A recent stats-themed XKCD comic made the rounds:
and Tableau Zen Master Mike Cisneros nailed it when he said:
If you don’t feel this way when you use the Analytics panel in Tableau, then I don’t believe you. https://t.co/NxlKtMY90V
— Mike Cisneros (@mikevizneros) September 19, 2018
What’s most hilarious about the comic is that the data points are exactly the same in each frame.
And yet, it’s true. Statistics or predictive analytics in Tableau can seem daunting. Some people feel they need an advanced degree to use statistics effectively. And since they don’t, they just avoid them altogether.
Others feel that you can just drop in a line that looks cool and call it good. Until, of course, someone starts to ask hard, probing questions of your analysis during a meeting in front of your boss and colleagues and you suddenly regret sleeping through that 8am stats class in college.
So, we’ve written this definitive guide to linear regression in Tableau.
The goal of this series of blog posts is to be a plain-English resource on linear regression models in Tableau, one of the most common forms of predictive analytics out there.
Linear Regression (aka the Trend Line feature in the Analytics pane in Tableau):
At a high level, a “linear regression model” is drawing a line through several data points that best minimizes the distance between each point and the line. The better fit of the line to the points, the better it can be used to predict future points on the line. In other words, the less distance from the points to the line, the better, and the more accurate your projections.
See the following:
The model on the left would be considered as a strong model and usable to predict other values on that line while the model on the right would be very hard to predict.
In a Linear Regression, you are examining the relationship between a “dependent variable” (the metric on Rows in Tableau) and an “independent variable” (the metric on Columns in Tableau). The independent variable is the value that is being changed while the dependent variable is how it reacts to the change in the independent variable.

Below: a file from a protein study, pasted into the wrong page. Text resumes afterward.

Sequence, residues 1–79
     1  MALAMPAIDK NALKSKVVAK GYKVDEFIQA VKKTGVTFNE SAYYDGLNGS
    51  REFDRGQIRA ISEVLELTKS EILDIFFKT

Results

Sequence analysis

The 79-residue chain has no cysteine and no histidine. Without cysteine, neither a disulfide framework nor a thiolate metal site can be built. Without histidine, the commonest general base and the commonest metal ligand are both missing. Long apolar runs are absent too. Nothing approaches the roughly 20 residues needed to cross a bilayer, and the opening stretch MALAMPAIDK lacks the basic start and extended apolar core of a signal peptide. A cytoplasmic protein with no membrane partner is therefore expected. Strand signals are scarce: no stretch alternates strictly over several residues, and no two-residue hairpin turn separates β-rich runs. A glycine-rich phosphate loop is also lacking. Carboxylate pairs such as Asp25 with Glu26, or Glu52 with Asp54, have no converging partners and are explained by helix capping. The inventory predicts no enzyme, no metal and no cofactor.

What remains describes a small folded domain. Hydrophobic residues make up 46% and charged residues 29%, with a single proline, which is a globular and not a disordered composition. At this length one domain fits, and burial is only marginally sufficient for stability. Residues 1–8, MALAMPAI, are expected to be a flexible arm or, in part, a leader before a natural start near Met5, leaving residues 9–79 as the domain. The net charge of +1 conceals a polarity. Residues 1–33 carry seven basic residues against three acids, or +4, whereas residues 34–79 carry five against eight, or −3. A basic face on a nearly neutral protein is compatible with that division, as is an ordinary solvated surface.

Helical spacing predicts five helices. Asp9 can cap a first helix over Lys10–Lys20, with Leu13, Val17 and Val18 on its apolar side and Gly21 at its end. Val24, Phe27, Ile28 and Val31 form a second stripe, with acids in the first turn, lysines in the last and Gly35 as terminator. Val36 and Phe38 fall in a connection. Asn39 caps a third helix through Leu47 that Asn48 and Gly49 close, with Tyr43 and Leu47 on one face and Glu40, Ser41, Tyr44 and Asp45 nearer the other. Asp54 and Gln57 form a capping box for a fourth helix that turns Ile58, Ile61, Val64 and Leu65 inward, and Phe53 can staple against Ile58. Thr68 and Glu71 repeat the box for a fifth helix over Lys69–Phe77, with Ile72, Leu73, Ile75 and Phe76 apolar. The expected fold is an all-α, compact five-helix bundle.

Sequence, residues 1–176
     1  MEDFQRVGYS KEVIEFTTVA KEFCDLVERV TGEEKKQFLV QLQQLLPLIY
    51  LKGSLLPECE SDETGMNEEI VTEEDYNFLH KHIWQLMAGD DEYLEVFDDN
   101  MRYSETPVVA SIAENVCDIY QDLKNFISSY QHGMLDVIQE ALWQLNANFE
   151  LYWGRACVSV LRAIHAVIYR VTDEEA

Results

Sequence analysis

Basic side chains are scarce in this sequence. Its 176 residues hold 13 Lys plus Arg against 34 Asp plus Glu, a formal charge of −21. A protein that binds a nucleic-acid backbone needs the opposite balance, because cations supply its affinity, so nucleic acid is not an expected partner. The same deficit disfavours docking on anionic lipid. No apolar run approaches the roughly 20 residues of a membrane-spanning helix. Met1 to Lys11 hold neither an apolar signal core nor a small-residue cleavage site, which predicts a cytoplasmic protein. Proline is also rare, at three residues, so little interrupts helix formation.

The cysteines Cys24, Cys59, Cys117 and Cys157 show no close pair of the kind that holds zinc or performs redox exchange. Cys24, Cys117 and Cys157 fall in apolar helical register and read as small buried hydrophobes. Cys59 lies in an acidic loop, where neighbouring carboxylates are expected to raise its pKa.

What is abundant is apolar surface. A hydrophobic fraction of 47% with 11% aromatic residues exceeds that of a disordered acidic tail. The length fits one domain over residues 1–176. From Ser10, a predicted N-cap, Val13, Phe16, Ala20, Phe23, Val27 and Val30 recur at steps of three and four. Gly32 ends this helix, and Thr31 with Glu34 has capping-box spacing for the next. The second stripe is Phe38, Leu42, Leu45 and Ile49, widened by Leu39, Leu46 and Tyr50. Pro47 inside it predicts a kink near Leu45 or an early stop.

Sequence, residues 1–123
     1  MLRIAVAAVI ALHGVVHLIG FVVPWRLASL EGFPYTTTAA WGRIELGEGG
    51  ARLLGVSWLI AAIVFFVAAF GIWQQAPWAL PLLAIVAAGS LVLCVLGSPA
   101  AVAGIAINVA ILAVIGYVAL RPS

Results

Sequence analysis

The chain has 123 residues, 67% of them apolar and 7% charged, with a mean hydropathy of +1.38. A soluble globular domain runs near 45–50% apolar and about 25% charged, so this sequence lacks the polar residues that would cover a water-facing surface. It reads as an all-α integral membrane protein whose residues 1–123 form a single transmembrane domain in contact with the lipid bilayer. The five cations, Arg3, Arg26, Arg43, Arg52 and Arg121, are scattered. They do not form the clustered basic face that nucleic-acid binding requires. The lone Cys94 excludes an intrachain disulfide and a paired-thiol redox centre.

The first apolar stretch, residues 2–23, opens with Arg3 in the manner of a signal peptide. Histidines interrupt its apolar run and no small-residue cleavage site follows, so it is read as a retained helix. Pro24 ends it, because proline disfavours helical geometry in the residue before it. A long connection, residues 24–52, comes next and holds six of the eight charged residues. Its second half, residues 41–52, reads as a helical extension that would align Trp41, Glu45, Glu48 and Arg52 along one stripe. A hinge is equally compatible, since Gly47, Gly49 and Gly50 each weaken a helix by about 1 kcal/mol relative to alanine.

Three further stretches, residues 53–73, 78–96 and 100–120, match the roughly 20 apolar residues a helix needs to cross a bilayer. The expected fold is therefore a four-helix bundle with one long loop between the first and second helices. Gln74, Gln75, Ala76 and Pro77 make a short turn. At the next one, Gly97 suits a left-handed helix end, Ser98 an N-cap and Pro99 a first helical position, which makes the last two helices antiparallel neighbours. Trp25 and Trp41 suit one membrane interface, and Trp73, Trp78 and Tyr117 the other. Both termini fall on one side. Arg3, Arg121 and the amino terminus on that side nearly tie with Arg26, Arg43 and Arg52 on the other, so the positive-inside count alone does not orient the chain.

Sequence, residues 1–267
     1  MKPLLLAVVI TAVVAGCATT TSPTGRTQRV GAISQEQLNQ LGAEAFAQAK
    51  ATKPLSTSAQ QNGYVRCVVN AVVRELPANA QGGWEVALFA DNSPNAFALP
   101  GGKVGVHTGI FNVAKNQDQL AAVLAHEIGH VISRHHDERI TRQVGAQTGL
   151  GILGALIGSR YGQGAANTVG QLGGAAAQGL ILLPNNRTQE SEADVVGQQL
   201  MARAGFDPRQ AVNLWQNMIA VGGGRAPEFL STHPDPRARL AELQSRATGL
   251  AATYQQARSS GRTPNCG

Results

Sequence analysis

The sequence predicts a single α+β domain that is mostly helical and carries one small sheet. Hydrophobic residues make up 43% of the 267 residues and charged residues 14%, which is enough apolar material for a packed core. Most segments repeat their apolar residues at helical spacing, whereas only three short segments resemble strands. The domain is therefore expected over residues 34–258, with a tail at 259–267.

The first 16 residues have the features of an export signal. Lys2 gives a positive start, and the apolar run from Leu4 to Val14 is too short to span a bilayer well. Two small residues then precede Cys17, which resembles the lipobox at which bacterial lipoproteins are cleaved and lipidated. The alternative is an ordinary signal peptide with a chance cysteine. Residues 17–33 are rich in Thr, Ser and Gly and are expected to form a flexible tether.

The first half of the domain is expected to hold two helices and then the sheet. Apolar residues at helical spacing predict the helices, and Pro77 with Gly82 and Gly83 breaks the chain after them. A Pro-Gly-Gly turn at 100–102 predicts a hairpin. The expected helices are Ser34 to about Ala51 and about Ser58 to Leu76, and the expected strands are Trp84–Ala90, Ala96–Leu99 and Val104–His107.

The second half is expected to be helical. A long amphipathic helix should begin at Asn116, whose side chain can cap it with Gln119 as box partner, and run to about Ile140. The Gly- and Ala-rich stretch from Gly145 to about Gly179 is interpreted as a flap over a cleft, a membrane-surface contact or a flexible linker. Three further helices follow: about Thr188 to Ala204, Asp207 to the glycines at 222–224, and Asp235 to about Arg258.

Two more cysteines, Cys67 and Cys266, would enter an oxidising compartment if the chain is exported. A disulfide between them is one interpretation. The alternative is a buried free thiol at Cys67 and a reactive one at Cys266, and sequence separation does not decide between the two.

For example, say you are tracking the average Body Mass Index (BMI) by age. The age buckets would be our independent variable or the change we are looking at. The dependent variable would be the average BMI. We’d want to know how much does the average BMI increase or decrease as age increases and how strong is that correlation?
Use Cases for Linear Regression Models
There are three key uses for linear regression models:
Determining the strength (or how much change they cause) of variables
In other words, how much does the change in one thing affect another? Is the relationship between the two metrics strong or weak? Is the relationship positive (as one thing goes up so does another) or negative (as one goes up, the other goes down)?
See the following example where we compare Discounts vs. Profit Ratio using the Superstore data set that ships with Tableau. Here we compare the strength and direction of the relationship between the two variables.
We can even parameterize the variables to see how much impact any one variable or metric will have on another.
Trend and time forecasting
In other words, based on historical patterns over time what do we project will happen in the future?
See the following example looking at Sales by Month using the same Superstore data. We can reasonably expect Sales values to fall between the outside bands and close to the trend line in the middle in the next 12 months.
We can even adjust the type of regression being calculated to determine if that is a better fit to the data. In the image below, we’ve adjusted the regression line from Linear to Polynomial of Degree 2, which gives us a slightly better fit than the linear. But we want to avoid the issue that XKCD points out of just slapping on a line that looks cool. We need to know if it’s more accurate or not. In our next post, we’ll give you the tools to assess statistical significance and accuracy all using Tableau’s built-in predictive analytics tools.